What measures do you think should be taken to improve financial inclusion?
Well like I said earlier it’s a function of outreach. A study has shown that only about 33 per cent of the entire population has been to the four walls of a bank and about 65 per cent have not, particularly in the rural areas. It is a very interesting place to look at where people can now begin to set up businesses or branches as the case may be, in rural areas and ensure that they market them because a lot of them need loans to expand their businesses or whatever they are doing.
So, financial inclusion includes that those customers are now being part of the financial system where whatever money they have is no longer kept under their pillows but now being accounted for in the sector. The CBN can do a lot in assisting the MFBs especially in the area of training because you find out that one area of deficiency in the sub-sector is knowledge, commercial banking inclusive. So, helping to sponsor or co-sponsor training of staff in the microfinance institutions would affect the quality of the workforce and that would make a huge impact.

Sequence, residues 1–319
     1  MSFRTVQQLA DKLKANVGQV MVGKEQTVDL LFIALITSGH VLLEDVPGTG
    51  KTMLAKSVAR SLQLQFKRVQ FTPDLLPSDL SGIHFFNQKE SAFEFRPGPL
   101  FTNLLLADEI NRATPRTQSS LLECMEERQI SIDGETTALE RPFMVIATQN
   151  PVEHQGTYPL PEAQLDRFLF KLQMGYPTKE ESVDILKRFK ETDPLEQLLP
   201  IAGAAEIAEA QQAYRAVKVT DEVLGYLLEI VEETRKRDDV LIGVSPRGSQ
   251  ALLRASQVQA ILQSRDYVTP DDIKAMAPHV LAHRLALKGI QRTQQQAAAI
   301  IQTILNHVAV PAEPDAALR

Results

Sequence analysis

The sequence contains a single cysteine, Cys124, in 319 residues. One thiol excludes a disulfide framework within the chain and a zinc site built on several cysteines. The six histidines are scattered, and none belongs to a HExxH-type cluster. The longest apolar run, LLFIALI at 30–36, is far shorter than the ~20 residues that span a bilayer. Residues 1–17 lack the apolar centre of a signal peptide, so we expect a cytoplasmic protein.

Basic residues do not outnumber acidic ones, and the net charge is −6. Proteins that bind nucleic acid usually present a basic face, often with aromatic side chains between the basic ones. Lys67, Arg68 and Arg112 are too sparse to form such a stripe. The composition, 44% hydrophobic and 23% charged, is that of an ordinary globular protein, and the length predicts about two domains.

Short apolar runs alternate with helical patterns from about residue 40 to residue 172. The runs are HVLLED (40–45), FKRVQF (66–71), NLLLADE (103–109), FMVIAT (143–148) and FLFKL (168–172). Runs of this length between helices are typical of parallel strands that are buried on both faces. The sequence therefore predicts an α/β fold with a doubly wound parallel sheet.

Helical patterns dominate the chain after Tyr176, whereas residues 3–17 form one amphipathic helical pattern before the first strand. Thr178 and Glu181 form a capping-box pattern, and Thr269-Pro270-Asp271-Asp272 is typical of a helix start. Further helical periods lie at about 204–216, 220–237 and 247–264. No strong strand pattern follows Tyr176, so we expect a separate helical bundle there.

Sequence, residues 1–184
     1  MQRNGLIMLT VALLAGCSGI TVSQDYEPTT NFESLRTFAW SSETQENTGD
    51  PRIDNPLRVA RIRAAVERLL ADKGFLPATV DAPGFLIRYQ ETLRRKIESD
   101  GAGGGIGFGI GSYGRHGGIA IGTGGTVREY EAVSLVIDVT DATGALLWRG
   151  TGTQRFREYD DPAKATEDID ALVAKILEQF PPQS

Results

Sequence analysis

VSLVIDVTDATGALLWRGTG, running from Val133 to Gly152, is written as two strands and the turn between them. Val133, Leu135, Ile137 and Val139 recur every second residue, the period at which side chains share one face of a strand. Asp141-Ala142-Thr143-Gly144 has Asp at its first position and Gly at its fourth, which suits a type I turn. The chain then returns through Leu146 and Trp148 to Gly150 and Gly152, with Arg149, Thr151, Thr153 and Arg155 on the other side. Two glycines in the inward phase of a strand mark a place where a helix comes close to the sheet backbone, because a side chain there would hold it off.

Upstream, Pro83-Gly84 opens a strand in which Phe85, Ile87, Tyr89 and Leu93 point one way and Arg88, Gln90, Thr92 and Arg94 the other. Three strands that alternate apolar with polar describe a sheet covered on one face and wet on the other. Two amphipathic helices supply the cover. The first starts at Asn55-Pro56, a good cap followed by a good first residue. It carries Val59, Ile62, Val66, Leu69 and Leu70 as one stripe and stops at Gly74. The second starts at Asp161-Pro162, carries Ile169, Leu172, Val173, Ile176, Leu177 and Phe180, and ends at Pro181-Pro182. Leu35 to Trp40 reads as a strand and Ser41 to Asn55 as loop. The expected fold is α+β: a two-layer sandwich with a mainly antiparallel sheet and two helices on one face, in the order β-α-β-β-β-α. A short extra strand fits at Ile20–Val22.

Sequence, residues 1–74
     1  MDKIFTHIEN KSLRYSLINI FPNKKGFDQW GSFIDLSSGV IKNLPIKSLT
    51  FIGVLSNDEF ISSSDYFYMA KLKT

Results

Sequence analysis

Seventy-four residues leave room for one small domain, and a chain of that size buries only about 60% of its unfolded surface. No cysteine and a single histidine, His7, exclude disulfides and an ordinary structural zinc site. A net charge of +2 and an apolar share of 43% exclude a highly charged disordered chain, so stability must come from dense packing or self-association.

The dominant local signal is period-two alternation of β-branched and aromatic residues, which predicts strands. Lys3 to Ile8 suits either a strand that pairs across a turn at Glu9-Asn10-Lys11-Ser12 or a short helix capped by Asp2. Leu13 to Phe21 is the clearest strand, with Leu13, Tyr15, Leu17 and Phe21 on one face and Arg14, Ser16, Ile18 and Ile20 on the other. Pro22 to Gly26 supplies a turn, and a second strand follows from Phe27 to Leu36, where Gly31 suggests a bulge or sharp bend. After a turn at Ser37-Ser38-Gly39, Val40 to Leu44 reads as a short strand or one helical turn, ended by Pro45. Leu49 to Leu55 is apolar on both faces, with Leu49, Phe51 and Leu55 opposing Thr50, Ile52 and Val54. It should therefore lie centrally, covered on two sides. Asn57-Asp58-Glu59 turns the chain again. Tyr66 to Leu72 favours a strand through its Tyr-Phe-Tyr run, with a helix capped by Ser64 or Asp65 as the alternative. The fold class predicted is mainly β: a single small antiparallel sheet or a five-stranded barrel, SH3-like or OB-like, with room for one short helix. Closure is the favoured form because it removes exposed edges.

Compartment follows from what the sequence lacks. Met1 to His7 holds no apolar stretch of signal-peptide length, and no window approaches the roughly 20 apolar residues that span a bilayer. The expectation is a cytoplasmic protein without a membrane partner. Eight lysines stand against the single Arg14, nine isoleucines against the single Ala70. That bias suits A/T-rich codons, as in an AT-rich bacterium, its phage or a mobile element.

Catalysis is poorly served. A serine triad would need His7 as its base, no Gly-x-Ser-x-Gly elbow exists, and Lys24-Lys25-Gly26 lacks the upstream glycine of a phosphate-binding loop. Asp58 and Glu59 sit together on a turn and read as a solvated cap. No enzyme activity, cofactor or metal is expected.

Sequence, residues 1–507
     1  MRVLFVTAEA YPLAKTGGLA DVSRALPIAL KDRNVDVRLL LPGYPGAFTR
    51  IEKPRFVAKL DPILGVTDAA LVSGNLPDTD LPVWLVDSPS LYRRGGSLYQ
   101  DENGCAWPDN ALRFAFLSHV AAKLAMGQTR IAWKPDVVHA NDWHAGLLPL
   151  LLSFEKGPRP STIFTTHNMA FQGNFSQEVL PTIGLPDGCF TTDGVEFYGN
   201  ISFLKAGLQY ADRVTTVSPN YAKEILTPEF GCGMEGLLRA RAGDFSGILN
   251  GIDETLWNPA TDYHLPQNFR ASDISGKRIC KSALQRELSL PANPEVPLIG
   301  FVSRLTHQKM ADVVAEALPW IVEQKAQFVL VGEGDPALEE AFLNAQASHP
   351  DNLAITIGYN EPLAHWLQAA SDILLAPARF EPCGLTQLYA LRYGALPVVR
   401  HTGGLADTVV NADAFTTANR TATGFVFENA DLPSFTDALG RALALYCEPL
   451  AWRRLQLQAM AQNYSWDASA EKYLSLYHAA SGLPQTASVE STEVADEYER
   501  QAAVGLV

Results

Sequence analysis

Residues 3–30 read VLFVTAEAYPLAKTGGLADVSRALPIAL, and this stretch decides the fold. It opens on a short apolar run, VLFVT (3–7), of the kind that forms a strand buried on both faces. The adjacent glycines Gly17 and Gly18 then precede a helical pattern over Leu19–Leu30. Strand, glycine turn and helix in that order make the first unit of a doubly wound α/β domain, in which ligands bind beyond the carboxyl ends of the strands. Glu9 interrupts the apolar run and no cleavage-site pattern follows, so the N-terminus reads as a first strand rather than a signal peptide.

Can you highlight some challenges facing the sub-sector today?
One of them is capital and access to funds. You would realise that many of them were set up with N20 to N50 million. So, it is quite difficult for them to reach out and with the cost of doing business in Nigeria, you need a sizable amount of money for you to do a sustainable business.
And for you to have a very small capital and you are struggling in an environment where you have to provide your own power and all sorts of things, it is quite difficult. Even if you want to borrow, the banks are not lending and for the development funds from the CBN, because of the conditions attached, it is also not available. It is only the big microfinance institutions that have access to foreign development organisations and that’s why some of them are doing well. But they are very few. We have less than 10 of them in Nigeria, whereas the other MFBs that are over 900 do not have access to funds.